Is there a biological basis for charismatic leadership?
“I’m not saying women’s rights — I’m saying the constitutional principle of equal citizenship status for men and women.—Ruth Bader Ginsburg
Judge Ruth Bader Ginsburg, a brilliant jurist, cultural icon and feminist leader, died last week at the age of 87. For me, the famous RBG was an example of leadership. It was extraordinary to see how much worship she has received from her followers in recent years.
She has been a great inspiration to me personally and to thousands of others. His passing reminded me of leadership and the strange influence of charismatic leaders.
Charismatic leaders, past and present, have had a tremendous effect on the fortunes and destinies of individuals and societies around the world. Despite the remarkable impact of the charismatic influence, we know very little about its origins. Could there be a link between attachment and bonding and the impact of leaders on followers at the neurophysiological level?
In a collaboration with Prof. Yair Berson published in 2018, we wanted to explore the biological circuits that may be at the heart of the influence of charismatic leaders. We have argued that the powerful relationship that followers form with charismatic leaders, which resemble fundamental human attachment bonds, has biological foundations.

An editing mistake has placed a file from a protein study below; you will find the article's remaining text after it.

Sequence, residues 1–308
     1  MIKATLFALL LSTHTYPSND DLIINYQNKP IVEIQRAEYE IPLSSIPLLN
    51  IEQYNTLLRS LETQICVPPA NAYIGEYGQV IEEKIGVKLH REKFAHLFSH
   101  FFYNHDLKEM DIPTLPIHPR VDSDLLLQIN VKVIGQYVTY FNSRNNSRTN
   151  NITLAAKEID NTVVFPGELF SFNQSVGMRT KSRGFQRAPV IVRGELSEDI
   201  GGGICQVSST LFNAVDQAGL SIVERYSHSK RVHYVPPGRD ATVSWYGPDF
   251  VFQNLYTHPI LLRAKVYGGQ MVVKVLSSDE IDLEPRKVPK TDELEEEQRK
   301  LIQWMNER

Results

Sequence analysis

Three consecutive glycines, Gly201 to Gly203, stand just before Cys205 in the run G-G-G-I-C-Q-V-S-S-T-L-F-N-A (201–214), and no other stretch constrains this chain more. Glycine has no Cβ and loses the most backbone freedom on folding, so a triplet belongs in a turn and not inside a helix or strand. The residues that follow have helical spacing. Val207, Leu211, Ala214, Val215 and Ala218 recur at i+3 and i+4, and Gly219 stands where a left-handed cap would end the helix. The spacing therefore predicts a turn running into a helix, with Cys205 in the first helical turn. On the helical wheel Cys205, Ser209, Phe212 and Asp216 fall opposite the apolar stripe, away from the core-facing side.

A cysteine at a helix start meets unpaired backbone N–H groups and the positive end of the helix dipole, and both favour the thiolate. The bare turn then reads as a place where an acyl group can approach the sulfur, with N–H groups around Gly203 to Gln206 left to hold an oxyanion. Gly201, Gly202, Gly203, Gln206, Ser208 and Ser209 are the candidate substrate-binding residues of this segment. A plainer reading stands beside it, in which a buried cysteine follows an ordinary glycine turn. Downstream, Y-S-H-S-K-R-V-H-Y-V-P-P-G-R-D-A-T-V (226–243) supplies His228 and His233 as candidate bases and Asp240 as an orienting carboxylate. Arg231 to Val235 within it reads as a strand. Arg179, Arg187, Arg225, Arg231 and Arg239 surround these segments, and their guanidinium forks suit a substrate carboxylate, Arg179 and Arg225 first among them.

Specifically, we asserted that oxytocin, a neuropeptide and hormone, widely involved in mammalian attachment bonds, regulates charismatic influence in groups. We chose to focus on oxytocin because we thought the theory told us that followers form a strong bond with a charismatic leader, which can resemble a parent-child attachment. Oxytocin plays a major role in these early relationships.
In a double-blind, placebo-controlled study, we administered oxytocin to participants in a group task, led by an accomplice trained to demonstrate charismatic rhetoric. We found that oxytocin enhanced positive facial expressions when the accomplice used charisma rhetoric, increased mimicry of leaders’ gestures, and facilitated the association between perceived charisma and trust in group members.
We concluded that “although preliminary, our work offers a new biological angle to a phenomenon that has aroused the interest of researchers from all disciplines. Our findings focus on the role of oxytocin in informing the path by which effective leaders
emotional and behavioral contagion among group members.
Judge Ruth Bader Ginsburg will be sadly missed, perhaps in part, because of the special connection and bond she inspired and the biological circuits that connection elicits.